Smoking and Infections – Perinatal and Prenatal Risk Factors in Autism

Narrowly Versus Broadly Defined Autism Spectrum Disorders: Differences in Pre- and Perinatal Risk Factors.

Karakter Child and Adolescent Psychiatry University Center The Netherlands


This study examined the differential contribution of pre- and perinatal risks in narrowly versus broadly defined autism spectrum disorder (ASD) and across core symptom domains, IQ and co-morbid problems.

Children with a DSM-IV diagnosis of autistic disorder (AD) (n = 121) or pervasive developmental disorder not otherwise specified (PDD-NOS) (n = 75) were compared to a typical control sample (n = 311). Diagnoses were based on extensive assessments between 12 and 49 months of age (M = 33.3, SD = 6.4) and re-evaluated at 43-98 months (M = 68.1, SD = 10.7) in 70 % of the cases.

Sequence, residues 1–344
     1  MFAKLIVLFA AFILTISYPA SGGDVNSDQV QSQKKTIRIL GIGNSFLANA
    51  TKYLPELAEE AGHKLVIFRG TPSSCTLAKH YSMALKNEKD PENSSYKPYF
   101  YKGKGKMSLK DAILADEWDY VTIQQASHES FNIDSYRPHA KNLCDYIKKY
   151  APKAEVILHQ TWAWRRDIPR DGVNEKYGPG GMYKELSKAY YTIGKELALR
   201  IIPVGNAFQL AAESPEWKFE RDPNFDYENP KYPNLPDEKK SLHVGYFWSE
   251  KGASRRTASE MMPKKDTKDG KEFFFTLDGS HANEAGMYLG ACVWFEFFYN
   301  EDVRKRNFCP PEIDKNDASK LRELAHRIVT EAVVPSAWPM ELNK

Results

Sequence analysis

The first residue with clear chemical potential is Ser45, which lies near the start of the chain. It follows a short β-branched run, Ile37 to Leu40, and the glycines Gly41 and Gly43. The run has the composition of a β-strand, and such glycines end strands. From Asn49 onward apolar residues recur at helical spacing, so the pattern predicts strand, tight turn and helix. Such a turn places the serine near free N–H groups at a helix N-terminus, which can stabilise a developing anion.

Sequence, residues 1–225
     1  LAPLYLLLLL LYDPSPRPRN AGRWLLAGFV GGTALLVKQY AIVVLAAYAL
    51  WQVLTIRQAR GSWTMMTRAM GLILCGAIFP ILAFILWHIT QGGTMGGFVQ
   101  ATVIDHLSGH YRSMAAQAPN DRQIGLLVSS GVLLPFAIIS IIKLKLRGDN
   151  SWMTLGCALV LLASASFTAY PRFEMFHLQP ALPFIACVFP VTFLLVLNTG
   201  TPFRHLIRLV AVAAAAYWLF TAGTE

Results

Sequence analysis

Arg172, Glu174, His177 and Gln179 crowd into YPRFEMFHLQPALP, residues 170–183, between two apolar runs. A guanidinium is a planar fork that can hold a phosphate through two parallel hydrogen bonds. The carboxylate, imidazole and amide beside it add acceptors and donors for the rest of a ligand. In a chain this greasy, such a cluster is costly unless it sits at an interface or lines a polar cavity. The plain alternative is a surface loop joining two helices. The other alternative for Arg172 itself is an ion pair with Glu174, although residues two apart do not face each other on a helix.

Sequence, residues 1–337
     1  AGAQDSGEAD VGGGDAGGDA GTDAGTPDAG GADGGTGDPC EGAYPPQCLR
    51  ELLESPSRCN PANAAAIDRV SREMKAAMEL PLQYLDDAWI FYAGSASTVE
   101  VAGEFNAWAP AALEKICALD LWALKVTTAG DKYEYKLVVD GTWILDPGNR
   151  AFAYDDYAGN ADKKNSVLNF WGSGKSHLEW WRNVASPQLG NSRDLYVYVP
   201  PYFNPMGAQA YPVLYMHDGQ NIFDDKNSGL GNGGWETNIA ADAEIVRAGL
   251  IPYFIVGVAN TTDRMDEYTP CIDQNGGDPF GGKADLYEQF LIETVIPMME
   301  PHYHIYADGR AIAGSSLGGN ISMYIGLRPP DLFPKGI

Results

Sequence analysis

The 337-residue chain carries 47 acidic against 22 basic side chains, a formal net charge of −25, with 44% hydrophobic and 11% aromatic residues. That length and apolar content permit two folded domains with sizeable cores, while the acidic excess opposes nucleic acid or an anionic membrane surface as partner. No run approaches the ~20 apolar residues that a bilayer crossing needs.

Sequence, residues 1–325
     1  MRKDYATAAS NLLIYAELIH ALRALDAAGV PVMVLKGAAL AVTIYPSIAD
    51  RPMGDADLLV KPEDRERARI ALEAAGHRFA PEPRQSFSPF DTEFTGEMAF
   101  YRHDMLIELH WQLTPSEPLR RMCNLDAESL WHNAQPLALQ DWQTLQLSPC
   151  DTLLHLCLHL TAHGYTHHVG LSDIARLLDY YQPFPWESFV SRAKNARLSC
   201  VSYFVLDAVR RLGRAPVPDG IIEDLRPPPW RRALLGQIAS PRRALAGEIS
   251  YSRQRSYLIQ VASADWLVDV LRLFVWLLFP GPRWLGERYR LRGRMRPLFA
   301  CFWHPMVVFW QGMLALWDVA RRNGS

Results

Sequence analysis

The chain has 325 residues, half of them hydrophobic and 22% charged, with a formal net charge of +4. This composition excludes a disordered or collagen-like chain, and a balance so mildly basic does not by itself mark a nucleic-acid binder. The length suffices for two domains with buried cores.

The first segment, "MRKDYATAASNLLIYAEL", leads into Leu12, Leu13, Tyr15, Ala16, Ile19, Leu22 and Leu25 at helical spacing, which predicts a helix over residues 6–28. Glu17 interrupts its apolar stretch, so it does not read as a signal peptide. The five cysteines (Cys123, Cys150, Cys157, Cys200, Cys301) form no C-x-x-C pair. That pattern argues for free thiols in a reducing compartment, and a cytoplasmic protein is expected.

Compared with controls, cases with ASD were more likely to be firstborn and show a suboptimal condition after birth.

Case mothers reported more infections and more stress during pregnancy.

Although the ASD subgroups showed mostly overlapping risks, cases with PDD-NOS differed from those with AD by higher exposure to smoking during pregnancy (SDP) and by a negative association of smoking with IQ, regardless of confounders.

SDP appears to contribute more to broadly defined (PDD-NOS) than to narrowly defined ASD (AD). Findings suggest differences in etiological contributors between ASD phenotypes.

This entry was posted in Autism, Environment, Epigenetics, General, Immune System, Physiology and tagged , , , , , , . Bookmark the permalink.

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